The Catholic church certainly has a black eye or two from recent events that don’t need to be rehashed here. When things go bad, that dominates the headlines – and that comes with the territory for the world’s largest Christian religion.

Most observers marvel at 85-year-old Pope Benedict XVI’s historically significant decision to resign from the papacy. They have commented on how it represents true leadership and the courage to know when it’s time to step down and put the institution’s interests above his own.

I choose to view Benedict’s resignation – the first for a pope since Celestine V in 1294 – through the prism of PR and reputation management. Here’s a guy – yes, he may be the spiritual leader of 1.2 million Catholics, but he’s ultimately a guy with a really big job and reputation to protect – who decided to get out in front of the news, take a bold stance and weave the story as he wants told, employing his own take on brand journalism. His other option was to eventually die and have little say on the final act of his legacy.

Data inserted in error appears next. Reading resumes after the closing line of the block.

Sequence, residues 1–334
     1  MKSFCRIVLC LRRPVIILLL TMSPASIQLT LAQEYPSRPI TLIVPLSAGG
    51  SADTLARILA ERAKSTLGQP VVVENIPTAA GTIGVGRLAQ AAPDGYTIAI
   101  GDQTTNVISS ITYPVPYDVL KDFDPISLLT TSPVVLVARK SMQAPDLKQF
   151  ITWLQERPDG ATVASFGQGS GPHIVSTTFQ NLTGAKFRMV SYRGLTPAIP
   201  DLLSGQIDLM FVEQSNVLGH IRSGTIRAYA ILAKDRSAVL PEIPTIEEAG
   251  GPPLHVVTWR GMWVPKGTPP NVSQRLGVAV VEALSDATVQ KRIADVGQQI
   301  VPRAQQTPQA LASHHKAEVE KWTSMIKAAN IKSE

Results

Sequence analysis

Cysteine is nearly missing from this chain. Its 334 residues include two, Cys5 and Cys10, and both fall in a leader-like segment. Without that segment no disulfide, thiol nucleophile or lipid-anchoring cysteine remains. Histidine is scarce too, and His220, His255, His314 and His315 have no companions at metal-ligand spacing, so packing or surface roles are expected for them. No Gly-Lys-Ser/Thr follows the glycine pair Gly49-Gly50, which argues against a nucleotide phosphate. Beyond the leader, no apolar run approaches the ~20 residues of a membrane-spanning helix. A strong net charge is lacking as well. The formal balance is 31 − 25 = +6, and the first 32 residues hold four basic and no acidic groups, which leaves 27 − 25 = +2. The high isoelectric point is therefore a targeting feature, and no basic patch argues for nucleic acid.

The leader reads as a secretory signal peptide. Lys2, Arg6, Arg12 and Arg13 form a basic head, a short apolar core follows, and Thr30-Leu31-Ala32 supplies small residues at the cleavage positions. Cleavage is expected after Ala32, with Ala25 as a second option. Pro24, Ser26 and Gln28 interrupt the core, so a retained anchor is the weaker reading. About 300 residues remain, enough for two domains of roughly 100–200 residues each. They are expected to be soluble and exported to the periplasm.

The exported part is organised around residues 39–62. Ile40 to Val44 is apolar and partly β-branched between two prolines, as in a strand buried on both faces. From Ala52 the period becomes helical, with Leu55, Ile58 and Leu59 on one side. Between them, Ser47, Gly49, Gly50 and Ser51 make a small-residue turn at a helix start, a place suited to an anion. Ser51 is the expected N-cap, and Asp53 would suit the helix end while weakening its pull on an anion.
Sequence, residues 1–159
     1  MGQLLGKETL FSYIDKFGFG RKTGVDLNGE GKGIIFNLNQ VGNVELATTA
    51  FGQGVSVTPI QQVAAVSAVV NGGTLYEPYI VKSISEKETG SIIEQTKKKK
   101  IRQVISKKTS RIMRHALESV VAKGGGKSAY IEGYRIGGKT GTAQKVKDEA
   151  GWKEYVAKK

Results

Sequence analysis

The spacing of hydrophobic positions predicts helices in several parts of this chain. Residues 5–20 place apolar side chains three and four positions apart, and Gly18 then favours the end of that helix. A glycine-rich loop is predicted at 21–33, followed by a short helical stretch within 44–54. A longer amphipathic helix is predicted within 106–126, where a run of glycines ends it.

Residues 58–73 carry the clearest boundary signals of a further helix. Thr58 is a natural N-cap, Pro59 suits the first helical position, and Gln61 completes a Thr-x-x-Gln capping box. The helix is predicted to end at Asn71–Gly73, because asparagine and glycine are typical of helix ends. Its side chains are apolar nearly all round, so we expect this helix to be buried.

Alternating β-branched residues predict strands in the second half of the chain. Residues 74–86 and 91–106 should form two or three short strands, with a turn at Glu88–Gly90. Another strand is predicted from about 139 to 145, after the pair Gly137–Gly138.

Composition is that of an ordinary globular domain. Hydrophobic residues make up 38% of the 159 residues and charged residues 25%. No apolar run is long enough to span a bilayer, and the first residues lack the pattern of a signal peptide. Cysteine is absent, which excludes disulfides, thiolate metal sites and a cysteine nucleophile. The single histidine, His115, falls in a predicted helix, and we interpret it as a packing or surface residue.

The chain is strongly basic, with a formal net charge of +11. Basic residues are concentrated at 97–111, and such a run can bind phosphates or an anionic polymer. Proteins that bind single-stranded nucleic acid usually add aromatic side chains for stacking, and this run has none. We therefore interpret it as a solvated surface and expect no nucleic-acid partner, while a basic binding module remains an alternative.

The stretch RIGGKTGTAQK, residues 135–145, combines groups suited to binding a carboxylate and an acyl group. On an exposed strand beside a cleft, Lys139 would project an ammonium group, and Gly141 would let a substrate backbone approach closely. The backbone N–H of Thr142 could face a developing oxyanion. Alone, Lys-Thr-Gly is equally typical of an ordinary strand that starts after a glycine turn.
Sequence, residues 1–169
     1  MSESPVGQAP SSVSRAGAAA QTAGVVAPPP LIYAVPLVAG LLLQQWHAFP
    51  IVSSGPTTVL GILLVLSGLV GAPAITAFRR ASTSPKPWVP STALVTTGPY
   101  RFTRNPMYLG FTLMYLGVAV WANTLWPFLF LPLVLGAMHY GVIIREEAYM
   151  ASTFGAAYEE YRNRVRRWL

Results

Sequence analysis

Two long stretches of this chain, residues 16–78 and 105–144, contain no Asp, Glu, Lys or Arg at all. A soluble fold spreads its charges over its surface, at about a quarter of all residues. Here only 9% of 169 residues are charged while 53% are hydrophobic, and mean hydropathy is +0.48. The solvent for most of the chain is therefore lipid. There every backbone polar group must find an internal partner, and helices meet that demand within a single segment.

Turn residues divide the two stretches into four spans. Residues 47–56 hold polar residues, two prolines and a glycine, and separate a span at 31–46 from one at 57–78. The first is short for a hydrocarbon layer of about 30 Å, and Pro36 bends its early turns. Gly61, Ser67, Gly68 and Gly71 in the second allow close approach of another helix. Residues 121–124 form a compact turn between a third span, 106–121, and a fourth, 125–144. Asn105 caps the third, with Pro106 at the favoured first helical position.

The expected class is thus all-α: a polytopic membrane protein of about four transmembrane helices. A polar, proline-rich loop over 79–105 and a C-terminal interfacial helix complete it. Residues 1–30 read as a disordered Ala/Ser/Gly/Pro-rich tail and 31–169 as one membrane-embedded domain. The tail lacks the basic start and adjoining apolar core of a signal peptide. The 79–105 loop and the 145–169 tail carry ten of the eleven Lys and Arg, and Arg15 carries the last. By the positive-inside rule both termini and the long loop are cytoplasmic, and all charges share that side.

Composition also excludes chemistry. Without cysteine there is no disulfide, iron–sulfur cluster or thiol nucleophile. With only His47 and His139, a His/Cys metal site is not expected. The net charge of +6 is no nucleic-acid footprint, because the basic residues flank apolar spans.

Whether the pope is following God’s will, crafting his own brand story or writing a new chapter in crisis communications (a decoy story, perhaps?), he is being proactive, and that’s part of the equation for success in public reputation management. Remaining silent and complacent allows others – critics, the public and the media – to tell your story as they see it.

Benedict’s jaw-dropping announcement this month also delivers a singularly monumental, positive-spin story for an institution that can ride this wave of good PR for awhile. I choose to believe the impact of the pope’s announcement is calculated and all part of a concerted PR strategy.

A key lesson here is – whenever possible – to take the bull by the horns and craft the narrative that puts the best face on your reputation or that of your company. If the pope can enhance the Catholic brand even just a little, there’s huge potential for us mere mortals.